‘We have seen this week the incredible bravery of a number of young people who have publicly shared their accounts of how adults have let them down when they most needed protection and support,’ said Liana Buchanan, the Victorian Commissioner for Children and Young People, today.
Amid the important public debate about child abuse and the responsibilities of those who run our institutions to prioritise child safety, Commissioner Buchanan said ‘it is disturbing to see some commentary which seeks to minimise the seriousness of sexual misconduct and grooming.’
Since 9 April 2014, grooming for sexual conduct with a child under the age of 16 years has been a crime. Grooming involves predatory conduct by adults designed to facilitate later sexual activity with a child. Grooming does not necessarily involve any sexual activity or even discussion of sexual activity. Attracting a maximum term of 10 years in prison, the Victorian Parliament has recognised its seriousness.
Grooming can target those involved in the child’s life, including parents and other caregivers, colleagues and others in an organisation.
‘Sexual misconduct, including grooming, can have a devastating, long-term impact on a child – an impact that often extends into that child’s adult life. To suggest that because a sexual act did not take place grooming behaviour is not serious is a false and frankly dangerous inference,’ said Commissioner Buchanan.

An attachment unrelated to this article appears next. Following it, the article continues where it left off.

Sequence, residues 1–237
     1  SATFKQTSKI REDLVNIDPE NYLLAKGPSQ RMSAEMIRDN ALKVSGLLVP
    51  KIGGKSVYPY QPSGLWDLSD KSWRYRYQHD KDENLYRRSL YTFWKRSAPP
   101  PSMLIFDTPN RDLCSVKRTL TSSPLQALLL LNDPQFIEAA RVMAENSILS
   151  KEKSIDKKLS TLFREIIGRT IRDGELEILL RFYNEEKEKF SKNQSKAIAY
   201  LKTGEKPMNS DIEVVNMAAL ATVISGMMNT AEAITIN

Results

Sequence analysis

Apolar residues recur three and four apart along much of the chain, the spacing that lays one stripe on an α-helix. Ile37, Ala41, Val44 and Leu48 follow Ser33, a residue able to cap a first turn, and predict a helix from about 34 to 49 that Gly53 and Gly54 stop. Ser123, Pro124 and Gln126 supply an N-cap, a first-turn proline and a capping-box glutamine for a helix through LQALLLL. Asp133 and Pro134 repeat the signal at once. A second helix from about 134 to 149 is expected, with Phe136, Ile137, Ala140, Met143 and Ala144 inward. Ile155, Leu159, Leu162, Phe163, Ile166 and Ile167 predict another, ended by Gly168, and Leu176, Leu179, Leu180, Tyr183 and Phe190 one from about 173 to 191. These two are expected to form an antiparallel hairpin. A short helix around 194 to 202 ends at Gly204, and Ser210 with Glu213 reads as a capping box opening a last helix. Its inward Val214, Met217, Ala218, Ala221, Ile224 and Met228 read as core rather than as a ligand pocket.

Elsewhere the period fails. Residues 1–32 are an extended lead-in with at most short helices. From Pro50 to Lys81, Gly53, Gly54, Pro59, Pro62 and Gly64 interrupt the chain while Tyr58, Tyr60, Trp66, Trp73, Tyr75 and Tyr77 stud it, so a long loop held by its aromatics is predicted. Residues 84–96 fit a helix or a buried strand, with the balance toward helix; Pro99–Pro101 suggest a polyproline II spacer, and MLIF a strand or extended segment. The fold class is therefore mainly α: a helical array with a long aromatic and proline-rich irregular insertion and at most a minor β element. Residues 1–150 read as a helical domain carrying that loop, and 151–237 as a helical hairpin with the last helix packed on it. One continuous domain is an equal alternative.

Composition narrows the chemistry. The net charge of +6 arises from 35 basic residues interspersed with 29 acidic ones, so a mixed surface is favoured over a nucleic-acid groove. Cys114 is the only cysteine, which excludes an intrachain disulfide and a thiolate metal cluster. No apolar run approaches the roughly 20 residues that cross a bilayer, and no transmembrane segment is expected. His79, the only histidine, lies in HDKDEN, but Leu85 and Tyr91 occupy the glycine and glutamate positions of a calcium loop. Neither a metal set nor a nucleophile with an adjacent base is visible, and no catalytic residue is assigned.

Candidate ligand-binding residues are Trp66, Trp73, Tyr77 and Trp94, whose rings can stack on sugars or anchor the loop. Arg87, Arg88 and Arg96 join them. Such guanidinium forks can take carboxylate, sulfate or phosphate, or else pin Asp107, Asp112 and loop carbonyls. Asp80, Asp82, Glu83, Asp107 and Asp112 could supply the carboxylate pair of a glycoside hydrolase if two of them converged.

Grooming can also lead to the rape and sexual assault of children. Indeed, this is often the intent of adults who engage in grooming behaviour,’ Commissioner Buchanan noted.
‘To minimise the seriousness of this conduct by labelling it as being ‘hit on’, as some media commentators have done, is deeply offensive to those who have suffered this predatory behaviour. It is also dangerous to children and young people who are experiencing such acts right now and could be discouraged from coming forward’ said Commissioner Buchanan.
As well as potentially criminal, grooming also constitutes ‘reportable conduct’ and organisations covered by the Reportable Conduct Scheme must report any allegations of grooming or other child abuse to the Commission for Children and Young People so that this behaviour does not stay hidden and un-addressed, as has often occurred in the past.
‘Based on what I see in my role as Commissioner, it is clear we cannot think child abuse is a matter of history. It is also clear that too many individuals and organisations have yet to learn the lessons of the Royal Commission into Institutional Responses to Child Sexual Abuse. As adults we must act to prevent abuse, to report those we suspect of behaving inappropriately with children, and to support those prepared to speak up. Keeping children safe is everyone’s responsibility,’ Commissioner Buchanan concluded.
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